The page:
There might have been times Chris Davis wished he’d dropped a few balls or run sloppier routes that first summer, especially since he didn’t catch a single pass that fall. Now he’s a senior, while other members of UNM’s 2014 recruiting class, running back Tyrone Owens, offensive guard Aaron Jenkins, fellow wide receiver Patrick Reed, are fourth-year juniors.
Most often, though, Davis is more than happy to be a 2017 senior — and having the most productive season of his career.
Through five games, entering Saturday’s Mountain West Conference game at Fresno State, Davis leads the Lobos (3-2 overall, 1-1 in MWC play) with 17 receptions. That’s almost one-third of UNM’s team total (53) and seven more than he caught during his first three seasons.
Davis’ 5-yard touchdown reception from redshirt freshman quarterback Tevaka Tuioti against New Mexico State sparked a 23-point fourth quarter that brought the Lobos within two points of the Aggies in a 30-28 loss. It was the first touchdown of Davis’ college career.
His 11-yard, third-down catch of a Coltin Gerhart pass on the sidelines in the second quarter at Tulsa kept alive a drive that produced a 34-yard Jason Sanders field goal. The Lobos won by three points.
To become his team’s go-to receiver as a senior, Davis said after Wednesday’s practice, is reward enough.
“It feels good,” he said. “I never gave up on myself or quit working hard. And there were always older guys ahead of me that I learned from. Whether it was Gambo (Dameon Gamblin) or Carlos (Wiggins), Ridge (Jones), those guys always told me to be patient, that my time was coming.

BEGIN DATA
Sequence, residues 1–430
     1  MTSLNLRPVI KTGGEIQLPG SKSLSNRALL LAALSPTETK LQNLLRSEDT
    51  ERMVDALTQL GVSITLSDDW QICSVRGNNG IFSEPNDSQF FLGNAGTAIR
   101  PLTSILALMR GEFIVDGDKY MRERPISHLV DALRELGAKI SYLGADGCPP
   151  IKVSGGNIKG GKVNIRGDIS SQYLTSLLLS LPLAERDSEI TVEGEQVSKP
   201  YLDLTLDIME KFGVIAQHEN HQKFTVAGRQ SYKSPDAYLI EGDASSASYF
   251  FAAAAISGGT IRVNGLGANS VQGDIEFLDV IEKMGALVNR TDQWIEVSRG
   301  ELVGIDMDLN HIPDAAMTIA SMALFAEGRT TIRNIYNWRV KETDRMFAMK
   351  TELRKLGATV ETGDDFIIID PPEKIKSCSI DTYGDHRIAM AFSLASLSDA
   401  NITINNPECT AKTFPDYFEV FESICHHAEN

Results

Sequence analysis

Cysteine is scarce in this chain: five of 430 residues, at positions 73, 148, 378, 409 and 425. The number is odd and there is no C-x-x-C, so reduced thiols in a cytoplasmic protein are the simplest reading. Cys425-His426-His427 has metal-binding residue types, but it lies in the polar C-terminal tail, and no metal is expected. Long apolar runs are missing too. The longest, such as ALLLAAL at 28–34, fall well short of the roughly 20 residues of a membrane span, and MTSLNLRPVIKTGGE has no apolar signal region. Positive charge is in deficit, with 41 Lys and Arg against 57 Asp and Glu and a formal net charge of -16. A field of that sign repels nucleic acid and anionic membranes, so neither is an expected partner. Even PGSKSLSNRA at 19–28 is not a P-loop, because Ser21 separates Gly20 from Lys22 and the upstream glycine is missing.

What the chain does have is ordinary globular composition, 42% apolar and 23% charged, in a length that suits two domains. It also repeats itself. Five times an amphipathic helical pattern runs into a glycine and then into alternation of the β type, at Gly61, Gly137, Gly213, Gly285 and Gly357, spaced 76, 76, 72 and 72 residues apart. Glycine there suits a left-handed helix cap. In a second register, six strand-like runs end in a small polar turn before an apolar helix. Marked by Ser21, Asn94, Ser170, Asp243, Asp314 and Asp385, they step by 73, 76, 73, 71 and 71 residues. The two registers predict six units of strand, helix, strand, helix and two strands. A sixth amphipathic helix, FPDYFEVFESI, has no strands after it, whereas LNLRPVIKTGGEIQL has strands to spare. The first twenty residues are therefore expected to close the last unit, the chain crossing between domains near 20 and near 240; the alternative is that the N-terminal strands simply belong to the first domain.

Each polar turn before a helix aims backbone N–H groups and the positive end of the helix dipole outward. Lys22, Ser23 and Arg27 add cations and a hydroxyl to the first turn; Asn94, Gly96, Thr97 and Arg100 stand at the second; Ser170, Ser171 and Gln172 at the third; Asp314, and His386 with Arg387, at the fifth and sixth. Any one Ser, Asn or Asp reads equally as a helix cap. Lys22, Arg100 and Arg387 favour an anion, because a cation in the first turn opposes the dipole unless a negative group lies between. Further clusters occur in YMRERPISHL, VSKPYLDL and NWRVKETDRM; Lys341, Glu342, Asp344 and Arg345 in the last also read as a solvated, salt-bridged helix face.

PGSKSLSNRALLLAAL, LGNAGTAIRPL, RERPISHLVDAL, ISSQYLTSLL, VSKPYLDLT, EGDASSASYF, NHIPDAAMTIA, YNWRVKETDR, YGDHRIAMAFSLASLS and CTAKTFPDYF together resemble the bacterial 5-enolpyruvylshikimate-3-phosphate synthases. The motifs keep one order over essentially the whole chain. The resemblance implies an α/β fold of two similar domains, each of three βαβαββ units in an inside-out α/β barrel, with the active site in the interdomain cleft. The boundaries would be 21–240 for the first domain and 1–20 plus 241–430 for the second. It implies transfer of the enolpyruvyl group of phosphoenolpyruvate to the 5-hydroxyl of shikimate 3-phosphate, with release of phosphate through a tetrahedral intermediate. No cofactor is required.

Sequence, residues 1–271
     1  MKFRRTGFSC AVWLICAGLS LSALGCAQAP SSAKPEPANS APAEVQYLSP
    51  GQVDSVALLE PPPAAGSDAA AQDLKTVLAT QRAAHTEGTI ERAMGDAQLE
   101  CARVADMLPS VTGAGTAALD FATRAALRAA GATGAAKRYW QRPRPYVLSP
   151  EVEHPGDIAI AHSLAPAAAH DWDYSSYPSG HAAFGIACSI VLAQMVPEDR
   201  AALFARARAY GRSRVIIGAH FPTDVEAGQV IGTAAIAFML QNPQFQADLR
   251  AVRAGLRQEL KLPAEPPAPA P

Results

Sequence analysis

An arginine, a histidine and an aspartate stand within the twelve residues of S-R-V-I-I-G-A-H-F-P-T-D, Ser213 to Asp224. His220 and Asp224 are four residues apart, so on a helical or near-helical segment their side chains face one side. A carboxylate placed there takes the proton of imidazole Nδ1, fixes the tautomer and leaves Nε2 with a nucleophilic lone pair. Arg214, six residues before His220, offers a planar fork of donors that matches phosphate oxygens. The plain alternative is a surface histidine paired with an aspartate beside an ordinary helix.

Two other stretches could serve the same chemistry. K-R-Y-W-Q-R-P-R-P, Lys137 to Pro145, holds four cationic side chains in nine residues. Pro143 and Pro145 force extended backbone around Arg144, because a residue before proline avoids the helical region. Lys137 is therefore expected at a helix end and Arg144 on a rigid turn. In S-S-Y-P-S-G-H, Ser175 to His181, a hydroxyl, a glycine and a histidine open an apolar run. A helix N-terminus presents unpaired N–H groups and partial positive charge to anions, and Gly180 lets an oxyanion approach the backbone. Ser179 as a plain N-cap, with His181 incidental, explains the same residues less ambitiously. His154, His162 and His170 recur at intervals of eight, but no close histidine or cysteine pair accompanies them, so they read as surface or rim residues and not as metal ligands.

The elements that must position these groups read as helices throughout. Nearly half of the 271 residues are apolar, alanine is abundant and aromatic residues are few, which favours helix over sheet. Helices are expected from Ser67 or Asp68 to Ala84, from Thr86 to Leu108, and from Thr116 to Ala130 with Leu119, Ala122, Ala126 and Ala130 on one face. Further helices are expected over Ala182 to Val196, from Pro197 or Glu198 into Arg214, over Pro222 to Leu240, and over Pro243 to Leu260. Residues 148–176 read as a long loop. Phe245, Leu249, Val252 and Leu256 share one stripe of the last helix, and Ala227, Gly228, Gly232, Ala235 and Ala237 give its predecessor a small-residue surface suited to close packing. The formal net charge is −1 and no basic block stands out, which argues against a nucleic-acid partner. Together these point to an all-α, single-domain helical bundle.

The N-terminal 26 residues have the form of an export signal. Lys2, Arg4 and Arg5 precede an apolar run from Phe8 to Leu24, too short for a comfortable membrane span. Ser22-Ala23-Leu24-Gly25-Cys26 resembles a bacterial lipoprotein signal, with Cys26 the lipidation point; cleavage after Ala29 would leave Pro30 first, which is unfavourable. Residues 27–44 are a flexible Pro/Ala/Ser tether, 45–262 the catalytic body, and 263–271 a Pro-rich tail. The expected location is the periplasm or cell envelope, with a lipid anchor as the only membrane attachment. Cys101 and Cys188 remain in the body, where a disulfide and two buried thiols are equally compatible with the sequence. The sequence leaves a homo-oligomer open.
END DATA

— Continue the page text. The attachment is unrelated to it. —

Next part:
“I had guys ahead of me that were great players. Carlos was playing slot, and then Gambo came in. It was OK. … They helped me work on my route running and taught me little things in the game that help me now. I try to do that for the younger kids now.”
Lobos coach Bob Davie said he’s glad Davis persevered. Two other members of that 2014 recruiting class, wide receiver Matt Quarells and quarterback JaJuan Lawson, opted to leave the program before this season as graduate transfers — Lawson to Rhode Island, Quarells to Iowa.
“I appreciate those guys, too,” Davie said, “But I really appreciate a guy like Chris Davis staying and accepting his role. And every time he gets a chance in his role, he makes the most of it.”
Making the most of his ability has always been a Davis specialty.
“He’s the, quote, unquote, really good football player,” Davie said. “Not very fast, not very big, just a really good football player.
“He’s a very productive guy, and he’s kind of the old veteran of that (wide receivers) group. I respect him and I appreciate him, because he’s put a lot into this.”
As a senior at Oaks Christian High School in Westlake Village, Calif., Davis caught 88 passes for 1,606 yards and 20 touchdowns. But because of his size, or lack of it, no Pac-12 school recruited him. Listed in high school at 5-foot-9 and 173 pounds, Davis in fact stands 5-foot-7. He weighed closer to 160 pounds as a prep senior, he said, and now is listed at 175.
So, when UNM offered him a scholarship, he grabbed it. He’s grabbed virtually everything that’s been thrown his way since, even though most of those catches have come in practice and not in games.
For Davis and his fellow wide receivers, playing in UNM’s triple-option offense, it’s block and be ready.
“We know what kind of offense we are, but as receivers that makes us even hungrier,” he said. “Because when the ball does come our way, we have to take advantage of that opportunity.
“We may get three throws. Maybe we’ll get 20 throws. Whatever it is, we’ve just got to catch everything. … We pride ourselves on that.”
Having a redshirt year, Davis said, is still something he thinks about occasionally.
“Sometimes I do wish I could have (had one), just to develop, I guess, a little more,” he said. “… I could have gotten a little more muscle on me and probably gotten myself a little quicker and a lot faster.
But, he said, “I’ve had fun all four years. I’m just thankful, this year, that I get to showcase what I can do.”